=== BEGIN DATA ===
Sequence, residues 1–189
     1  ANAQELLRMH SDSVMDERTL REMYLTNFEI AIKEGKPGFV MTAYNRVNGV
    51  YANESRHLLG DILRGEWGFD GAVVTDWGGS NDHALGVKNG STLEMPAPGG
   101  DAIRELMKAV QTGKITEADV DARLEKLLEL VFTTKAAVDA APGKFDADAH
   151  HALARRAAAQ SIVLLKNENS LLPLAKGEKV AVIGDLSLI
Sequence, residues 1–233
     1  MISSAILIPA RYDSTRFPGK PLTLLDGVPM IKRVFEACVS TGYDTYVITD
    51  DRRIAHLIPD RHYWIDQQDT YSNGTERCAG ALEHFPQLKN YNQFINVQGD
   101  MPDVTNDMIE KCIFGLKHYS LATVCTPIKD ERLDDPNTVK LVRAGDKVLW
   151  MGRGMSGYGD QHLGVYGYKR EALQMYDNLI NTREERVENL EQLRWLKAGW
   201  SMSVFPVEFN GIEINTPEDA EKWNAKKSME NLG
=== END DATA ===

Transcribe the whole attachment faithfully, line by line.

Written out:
Sequence, residues 1–189
     1  ANAQELLRMH SDSVMDERTL REMYLTNFEI AIKEGKPGFV MTAYNRVNGV
    51  YANESRHLLG DILRGEWGFD GAVVTDWGGS NDHALGVKNG STLEMPAPGG
   101  DAIRELMKAV QTGKITEADV DARLEKLLEL VFTTKAAVDA APGKFDADAH
   151  HALARRAAAQ SIVLLKNENS LLPLAKGEKV AVIGDLSLI
Sequence, residues 1–233
     1  MISSAILIPA RYDSTRFPGK PLTLLDGVPM IKRVFEACVS TGYDTYVITD
    51  DRRIAHLIPD RHYWIDQQDT YSNGTERCAG ALEHFPQLKN YNQFINVQGD
   101  MPDVTNDMIE KCIFGLKHYS LATVCTPIKD ERLDDPNTVK LVRAGDKVLW
   151  MGRGMSGYGD QHLGVYGYKR EALQMYDNLI NTREERVENL EQLRWLKAGW
   201  SMSVFPVEFN GIEINTPEDA EKWNAKKSME NLG